“We are not oriented to achieving an arbitrary goal,” Mackey explains to us. “We are not just trying to have a relationship with consumers. We are a purpose-driven company. We are trying to serve customers as best we can. We believe if we take care of our customer, the business will flourish.” Whole Foods Market is much more than just a grocer. It is a lifestyle provider. It tells its consumers, explicitly and implicitly, that you can learn by shopping.
Have a Set of Core Principles and Wear Your Values on Your Sleeve.
A year after opening, Mackey says, a flood almost destroyed the company. But consumers, suppliers, and employees worked tirelessly to reopen the store. “The flood was a near-death experience. Stakeholders saved us,” he says, still grateful for the help. “They pitched in. Team members worked for free. Banks loaned us more money.” Ever since, Mackey has promoted a stakeholder philosophy in which the company balances
the needs of customers, team members, shareholders, suppliers, and communities. He can get a little heavy at times, especially when he’s talking about balancing the “collective fate and soul of the company.”
Whole Foods Market has developed a defined list of core values:
» We sell the highest-quality natural and organic products available.
» We satisfy, delight, and nourish our customers.
» We support Team Member happiness and excellence.
» We create wealth through profits and growth.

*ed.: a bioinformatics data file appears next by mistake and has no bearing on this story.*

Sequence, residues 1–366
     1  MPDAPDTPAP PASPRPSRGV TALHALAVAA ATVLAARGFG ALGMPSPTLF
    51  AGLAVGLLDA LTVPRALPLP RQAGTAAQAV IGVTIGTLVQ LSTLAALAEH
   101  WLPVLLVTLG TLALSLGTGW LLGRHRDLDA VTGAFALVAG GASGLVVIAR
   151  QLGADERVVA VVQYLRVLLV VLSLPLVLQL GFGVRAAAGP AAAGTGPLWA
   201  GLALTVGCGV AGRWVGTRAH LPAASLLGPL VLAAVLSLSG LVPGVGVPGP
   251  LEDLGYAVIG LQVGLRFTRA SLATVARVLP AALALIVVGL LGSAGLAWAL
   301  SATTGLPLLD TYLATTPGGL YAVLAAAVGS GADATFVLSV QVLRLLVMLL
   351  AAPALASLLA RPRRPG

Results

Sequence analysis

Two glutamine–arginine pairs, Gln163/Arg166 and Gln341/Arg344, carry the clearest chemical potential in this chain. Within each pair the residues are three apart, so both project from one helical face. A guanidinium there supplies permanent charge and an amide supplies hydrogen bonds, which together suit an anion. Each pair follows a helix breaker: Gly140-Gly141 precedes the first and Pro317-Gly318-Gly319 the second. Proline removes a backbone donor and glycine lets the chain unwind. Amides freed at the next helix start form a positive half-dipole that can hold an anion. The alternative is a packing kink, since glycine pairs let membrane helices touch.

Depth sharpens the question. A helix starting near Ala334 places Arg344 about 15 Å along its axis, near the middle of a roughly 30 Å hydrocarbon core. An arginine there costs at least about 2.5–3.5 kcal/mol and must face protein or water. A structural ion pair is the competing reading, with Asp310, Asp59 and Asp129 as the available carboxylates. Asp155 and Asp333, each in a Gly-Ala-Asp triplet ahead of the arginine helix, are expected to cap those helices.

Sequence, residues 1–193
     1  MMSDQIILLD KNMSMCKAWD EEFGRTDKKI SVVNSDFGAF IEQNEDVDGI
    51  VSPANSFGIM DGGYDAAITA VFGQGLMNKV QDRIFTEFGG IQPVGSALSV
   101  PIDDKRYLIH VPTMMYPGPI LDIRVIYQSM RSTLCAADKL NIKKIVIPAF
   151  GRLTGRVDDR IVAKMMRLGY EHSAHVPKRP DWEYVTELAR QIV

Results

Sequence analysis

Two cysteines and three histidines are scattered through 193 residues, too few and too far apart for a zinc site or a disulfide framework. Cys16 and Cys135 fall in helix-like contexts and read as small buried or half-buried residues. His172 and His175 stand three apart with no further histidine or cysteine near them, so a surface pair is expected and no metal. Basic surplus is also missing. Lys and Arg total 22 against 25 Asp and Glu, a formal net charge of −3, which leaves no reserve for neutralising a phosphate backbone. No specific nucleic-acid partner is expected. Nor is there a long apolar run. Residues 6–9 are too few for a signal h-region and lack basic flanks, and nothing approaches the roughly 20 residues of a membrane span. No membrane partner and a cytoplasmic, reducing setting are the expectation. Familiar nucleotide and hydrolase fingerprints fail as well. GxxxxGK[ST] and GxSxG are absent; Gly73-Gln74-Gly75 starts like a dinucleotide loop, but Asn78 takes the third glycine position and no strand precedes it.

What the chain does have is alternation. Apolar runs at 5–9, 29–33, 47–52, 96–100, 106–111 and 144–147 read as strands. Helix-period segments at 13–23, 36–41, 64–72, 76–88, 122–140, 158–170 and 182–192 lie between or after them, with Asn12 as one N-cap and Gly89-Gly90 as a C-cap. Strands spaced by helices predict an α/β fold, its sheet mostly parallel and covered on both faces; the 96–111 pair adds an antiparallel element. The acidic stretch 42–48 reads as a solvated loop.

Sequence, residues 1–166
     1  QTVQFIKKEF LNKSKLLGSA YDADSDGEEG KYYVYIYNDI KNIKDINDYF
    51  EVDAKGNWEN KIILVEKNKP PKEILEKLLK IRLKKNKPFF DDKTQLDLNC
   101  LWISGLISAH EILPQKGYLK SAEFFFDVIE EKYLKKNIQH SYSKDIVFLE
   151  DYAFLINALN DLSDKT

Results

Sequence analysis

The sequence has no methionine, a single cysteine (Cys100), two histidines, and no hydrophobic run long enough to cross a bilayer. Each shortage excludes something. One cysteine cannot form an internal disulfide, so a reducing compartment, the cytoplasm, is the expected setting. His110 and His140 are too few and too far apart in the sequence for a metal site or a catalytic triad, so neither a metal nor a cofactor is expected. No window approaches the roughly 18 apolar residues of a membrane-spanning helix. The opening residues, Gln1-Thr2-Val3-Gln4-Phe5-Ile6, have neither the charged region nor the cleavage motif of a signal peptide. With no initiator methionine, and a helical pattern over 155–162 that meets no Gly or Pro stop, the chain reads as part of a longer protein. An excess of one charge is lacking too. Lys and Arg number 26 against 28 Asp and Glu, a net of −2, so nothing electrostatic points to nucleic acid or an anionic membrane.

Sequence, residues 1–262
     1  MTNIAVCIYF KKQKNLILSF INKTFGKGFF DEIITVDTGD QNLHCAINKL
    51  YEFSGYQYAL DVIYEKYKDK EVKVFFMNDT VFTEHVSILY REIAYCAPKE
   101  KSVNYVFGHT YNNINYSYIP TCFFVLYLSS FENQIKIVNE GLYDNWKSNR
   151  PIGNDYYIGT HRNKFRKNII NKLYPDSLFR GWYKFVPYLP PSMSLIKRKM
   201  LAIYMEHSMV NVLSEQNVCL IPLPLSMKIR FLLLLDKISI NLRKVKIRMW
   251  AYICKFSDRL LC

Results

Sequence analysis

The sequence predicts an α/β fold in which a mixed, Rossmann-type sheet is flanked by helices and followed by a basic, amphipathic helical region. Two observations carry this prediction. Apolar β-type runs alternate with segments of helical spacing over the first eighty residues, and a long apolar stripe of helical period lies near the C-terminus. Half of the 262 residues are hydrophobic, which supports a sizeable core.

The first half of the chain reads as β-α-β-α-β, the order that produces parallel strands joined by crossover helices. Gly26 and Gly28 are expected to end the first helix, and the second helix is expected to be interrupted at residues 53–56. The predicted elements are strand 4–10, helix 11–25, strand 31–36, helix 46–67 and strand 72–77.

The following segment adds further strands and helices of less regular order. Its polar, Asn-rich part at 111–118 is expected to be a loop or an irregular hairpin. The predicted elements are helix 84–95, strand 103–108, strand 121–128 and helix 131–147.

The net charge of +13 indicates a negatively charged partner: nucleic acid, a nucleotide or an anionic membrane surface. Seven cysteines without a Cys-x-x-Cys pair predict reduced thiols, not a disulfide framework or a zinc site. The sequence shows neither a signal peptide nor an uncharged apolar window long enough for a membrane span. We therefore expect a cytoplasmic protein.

» We serve and support our local and global communities.
» We practice and advance environmental stewardship.
» We create ongoing win-win partnerships with our suppliers.
» We promote the health of our stakeholders through healthy eating education.
The values are an important part of the Whole Foods brand. Good, healthy food, education, and the environment are easy messages to remember. When we interviewed staff members in the stores, they got these values—they could restate them, and said that the company lives by them.
“Businesspeople are mistrusted as selfish and greedy,” Mackey says. “Business needs to talk with a new language: create value for all stakeholders, not just investors. It is not a zero-sum game. In business, it is about making trade-offs that are mutually beneficial. Create value for customers, suppliers, communities, people—no one losing.”
Go Beyond Profits, Align with Your Customers’ Interests, Pick a Big-Picture Issue, Then Educate Them—For Whole Foods, It’s the Health of the Nation.